By Kevin King
If you're like me, you start missing baseball this time of year. Now that the holiday craziness is behind us. Isn't that right? Well, to prepare for the upcoming season--now only three months away!--I'm going to post my review of a book that came out a couple years back.
Those who enjoy baseball novels will adore Kevin King's All the Stars Came out That Night. At the center of this book is, like so many baseball novels, an event that never happened: a legendary game between a Negro League All-Star team and a white All-Star team at Boston's Fenway Park following the '34 World Series. But before we reach that game, King takes readers on a looping and whooping joyride across the country, from Pittsburgh to Hollywood. We meet John Henry and James Atwood, two bumbling would-be criminals who determine to kidnap Dizzy Dean for ransom during the World Series; they fail to kidnap Diz but manage, instead, to get caught up in Diz and Satchel Paige’s plot to arrange the first inter-racial All-Star game. In fact, just about everyone gets swept up in this plot.
What's remarkable about this nifty first novel is how King channels an impressive roster of characters and deftly shifts the point of view between them. We find a regular Who's Who of early twentieth-century American culture: Clarence Darrow, Kennesaw Mountain Landis, Henry Ford, Gus Greenlee, Walter Winchell, George Raft, and Carole Lombard, among others. Add to that list the baseball All-Stars: Babe Ruth, Joe DiMaggio, Satchel Paige, Josh Gibson, and Dizzy Dean and the biggest names of the Cardinals’ famous Gashouse Gang; even Shoeless Joe Jackson, baseball's tragic, lost soul, makes an appearance (what baseball novel is complete without baseball's greatest fallen hero?). The sheer number of characters in this novel is incredible, but King manages to present each with astonishing depth and humanity. A drunken Babe Ruth, for example, stinks up the dugout with his gastrointestinal troubles, but at the same time we see him as a man suffering deeply the frailty of his age, his body, and his declining career. He's finished, and he knows it. We laugh, but doing so is a poignant reminder that the Babe was, after all, only a man. His great bellyache is our great bellyache.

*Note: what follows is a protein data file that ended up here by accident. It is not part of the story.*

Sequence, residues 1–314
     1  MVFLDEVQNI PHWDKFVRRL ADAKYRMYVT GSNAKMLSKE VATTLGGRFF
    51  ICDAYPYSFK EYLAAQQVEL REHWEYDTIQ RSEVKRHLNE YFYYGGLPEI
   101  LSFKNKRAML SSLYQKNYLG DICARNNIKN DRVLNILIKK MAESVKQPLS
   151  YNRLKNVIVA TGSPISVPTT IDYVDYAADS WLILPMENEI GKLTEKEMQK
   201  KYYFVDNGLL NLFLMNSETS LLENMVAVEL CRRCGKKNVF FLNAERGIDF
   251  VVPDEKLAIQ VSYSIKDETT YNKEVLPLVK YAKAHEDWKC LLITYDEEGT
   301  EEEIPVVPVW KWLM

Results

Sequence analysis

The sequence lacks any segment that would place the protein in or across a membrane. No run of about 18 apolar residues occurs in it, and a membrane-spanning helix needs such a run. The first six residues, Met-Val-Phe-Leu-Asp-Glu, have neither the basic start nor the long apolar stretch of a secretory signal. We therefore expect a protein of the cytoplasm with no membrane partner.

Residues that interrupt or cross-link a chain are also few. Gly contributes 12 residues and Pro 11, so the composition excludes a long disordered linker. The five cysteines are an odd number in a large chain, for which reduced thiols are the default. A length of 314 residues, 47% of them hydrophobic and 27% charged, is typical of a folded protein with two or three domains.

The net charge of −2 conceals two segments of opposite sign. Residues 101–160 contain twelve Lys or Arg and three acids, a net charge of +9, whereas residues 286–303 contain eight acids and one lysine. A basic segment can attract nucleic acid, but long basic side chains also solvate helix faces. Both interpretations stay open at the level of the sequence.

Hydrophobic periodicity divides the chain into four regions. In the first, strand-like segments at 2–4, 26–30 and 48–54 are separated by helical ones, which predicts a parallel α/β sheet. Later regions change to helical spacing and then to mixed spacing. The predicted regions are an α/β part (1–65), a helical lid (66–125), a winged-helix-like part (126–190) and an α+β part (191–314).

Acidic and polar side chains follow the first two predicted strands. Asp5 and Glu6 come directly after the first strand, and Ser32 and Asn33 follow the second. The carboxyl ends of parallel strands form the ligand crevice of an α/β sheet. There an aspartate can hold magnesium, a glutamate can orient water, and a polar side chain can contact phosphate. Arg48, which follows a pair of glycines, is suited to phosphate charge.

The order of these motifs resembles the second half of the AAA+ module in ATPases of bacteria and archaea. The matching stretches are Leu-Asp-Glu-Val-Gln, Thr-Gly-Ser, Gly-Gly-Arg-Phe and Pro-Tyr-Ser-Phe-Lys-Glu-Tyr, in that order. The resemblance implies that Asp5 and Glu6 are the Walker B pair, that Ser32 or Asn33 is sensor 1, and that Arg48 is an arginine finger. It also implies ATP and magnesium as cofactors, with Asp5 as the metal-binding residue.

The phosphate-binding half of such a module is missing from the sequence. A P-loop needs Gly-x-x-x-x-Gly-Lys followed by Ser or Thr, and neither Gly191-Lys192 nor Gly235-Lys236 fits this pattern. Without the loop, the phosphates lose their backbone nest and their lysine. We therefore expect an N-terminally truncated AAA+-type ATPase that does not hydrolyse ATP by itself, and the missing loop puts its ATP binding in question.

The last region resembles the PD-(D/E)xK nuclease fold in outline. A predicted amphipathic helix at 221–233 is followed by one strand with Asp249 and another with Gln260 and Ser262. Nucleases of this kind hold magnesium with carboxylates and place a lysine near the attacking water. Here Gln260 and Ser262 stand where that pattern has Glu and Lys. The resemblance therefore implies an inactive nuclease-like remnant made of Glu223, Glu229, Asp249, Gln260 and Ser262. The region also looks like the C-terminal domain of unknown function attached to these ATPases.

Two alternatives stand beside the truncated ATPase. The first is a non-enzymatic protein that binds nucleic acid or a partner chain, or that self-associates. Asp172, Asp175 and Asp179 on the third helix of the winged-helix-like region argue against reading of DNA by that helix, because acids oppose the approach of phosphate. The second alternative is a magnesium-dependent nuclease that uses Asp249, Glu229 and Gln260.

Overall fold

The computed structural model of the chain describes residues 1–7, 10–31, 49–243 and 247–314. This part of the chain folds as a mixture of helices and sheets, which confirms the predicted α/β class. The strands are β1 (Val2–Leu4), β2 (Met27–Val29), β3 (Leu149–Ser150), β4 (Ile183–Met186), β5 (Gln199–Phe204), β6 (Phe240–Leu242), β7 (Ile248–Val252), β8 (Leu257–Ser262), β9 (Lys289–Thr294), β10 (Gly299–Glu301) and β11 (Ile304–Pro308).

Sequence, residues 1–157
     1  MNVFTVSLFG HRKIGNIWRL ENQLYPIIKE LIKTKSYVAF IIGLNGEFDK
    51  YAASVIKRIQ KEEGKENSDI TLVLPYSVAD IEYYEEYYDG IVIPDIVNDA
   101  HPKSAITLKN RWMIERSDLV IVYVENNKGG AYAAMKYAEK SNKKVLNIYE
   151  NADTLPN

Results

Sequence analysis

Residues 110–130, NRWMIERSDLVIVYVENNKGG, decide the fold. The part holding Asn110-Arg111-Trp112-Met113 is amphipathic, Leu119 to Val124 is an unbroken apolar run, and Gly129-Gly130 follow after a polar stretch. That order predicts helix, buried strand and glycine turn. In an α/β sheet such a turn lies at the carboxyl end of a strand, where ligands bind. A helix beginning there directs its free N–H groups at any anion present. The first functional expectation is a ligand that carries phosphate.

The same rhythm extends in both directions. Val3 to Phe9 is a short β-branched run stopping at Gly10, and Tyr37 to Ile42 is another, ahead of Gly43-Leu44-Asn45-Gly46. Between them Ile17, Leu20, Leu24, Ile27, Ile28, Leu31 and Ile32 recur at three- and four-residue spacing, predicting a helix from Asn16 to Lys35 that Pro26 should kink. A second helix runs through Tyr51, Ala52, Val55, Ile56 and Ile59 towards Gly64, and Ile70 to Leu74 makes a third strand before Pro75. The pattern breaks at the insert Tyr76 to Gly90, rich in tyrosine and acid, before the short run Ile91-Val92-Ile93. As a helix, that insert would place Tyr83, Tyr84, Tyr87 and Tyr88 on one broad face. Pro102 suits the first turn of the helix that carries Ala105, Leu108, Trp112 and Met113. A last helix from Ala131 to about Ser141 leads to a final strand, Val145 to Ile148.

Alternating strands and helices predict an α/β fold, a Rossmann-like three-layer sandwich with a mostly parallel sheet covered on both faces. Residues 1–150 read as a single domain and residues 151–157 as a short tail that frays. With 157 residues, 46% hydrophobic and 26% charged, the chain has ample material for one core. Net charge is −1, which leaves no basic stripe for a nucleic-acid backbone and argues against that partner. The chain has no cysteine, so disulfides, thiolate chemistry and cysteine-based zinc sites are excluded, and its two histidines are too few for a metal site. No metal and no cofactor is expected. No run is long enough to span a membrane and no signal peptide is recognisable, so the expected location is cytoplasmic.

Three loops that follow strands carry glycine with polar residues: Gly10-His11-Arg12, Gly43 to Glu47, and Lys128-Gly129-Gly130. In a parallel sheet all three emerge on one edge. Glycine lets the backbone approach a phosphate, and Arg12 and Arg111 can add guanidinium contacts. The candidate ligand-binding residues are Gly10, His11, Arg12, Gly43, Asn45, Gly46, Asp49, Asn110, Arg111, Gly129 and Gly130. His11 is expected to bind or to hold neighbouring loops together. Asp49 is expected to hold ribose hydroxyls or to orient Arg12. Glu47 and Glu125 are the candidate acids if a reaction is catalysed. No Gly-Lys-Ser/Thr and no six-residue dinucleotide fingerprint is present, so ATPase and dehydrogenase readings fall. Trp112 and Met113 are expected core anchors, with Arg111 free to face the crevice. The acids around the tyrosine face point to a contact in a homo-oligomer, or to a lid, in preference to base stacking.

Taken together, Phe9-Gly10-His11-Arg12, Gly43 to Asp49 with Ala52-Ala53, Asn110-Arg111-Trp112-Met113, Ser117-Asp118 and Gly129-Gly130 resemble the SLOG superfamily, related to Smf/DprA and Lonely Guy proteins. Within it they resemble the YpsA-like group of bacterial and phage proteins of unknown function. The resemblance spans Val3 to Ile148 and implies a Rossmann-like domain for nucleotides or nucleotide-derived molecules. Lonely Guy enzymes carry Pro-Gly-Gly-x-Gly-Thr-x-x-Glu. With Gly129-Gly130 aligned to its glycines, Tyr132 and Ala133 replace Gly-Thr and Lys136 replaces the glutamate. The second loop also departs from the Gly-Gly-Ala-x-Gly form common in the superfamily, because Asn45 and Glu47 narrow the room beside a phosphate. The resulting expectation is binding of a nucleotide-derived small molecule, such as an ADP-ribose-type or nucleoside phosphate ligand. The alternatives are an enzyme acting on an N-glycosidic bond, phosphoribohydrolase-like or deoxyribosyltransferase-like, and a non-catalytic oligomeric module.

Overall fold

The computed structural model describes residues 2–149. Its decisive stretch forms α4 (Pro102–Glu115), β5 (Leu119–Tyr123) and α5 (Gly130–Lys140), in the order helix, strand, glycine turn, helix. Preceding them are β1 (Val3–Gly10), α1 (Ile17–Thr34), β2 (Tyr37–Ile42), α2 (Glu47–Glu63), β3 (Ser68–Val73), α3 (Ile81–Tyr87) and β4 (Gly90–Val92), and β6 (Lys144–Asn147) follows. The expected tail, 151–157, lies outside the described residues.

Walter Winchell, the gossip columnist, is the “narrator”—a fact you may forget for half the book—and as a result there is a kind of hybrid feel to the story: half tabloid expose, half historical study of major league baseball before the integration of the game. What King elucidates well is the resistance many powerful Americans felt toward inter-racial play during the pre-Jackie Robinson era. At first, baseball commissioner Kennesaw Mountain Landis and automaker Henry Ford ardently oppose the game, fearing that a Negro win would prove Negro superiority. A loss for the white team, Henry Ford tells his trusted right-hand man, Harry Bennett, would be “a national humiliation”(95). So when Ford finally assents to sponsor the game, he does everything in his power to assure that the white team will win. And just in case the Negro team does win, the game is played under portable lights and with only a handful of spectators so that that the game remains top secret.
Until, that is, Winchell decides to tell this, “his last story.”
If there is a drawback to this book it may be, for some readers, the fact that it is predominantly a baseball novel. For all its power and charm, for all its humor, those who know a little bit—or preferably, a lot—about The Gashouse Gang or the Negro Leagues or baseball history generally will be in a better position to appreciate the gags and the magical baseball images King presents his readers (though for those readers unfamiliar with these things, this book would be a fun introduction to them). Take this gem, for example:
Then he (Joe DiMaggio) saw him (Joe Jackson). A tall specter with a lubbed-up belly like a house that had poorly settled, and crooked teeth stained with decades of tobacco juice. The Natural. The one who broke molds with a full, powerful, fluid swing that sent balls with stunning frequency off and over stadium walls. Line drives you could hang your wash on (322).
Baseball novels like this are in fact a rare treat for the baseball fan: a story that combines the lush atmosphere of the game we love with the storyteller's art of building a captivating drama. But they're also limited to the playing field, as it were, of the ball diamond. Even a novel as insistent as this one is on proving that it is more than just a baseball story—by inviting a whole slew of interesting characters into the mix—remains in the end a book whose substance is the hard stuff of the country's longest-running sports institution.
While many novels in this niche genre—from Wallop's The Year the Yankees Lost the Pennant, which is now famously adapted as the Broadway show Damn Yankees, to Malamud's classic The Natural, to W.P. Kinsella’s Shoeless Joe and The Iowa Baseball Confederacy—tend to move toward myth and legend, this one, to its credit, does so in moderation. It creates, instead, a much larger social panorama of America anno 1934, by focusing on the dark side of baseball: the game's less than noble history of racial segregation. For those of you who can hardly wait for the next baseball season to begin, this book should provide a measure of comfort to hold you over until opening day.
If you're into baseball books, by the way, then you might also enjoy Dennis Lehane's The Given Day. That book, written about frequently on this blog, also features baseball in a fascinating way, with Babe Ruth in a supporting role. Since reading The Given Day, I've read Lehane's Shutter Island. So look for a post later this week on these two books, particularly as they concern genre.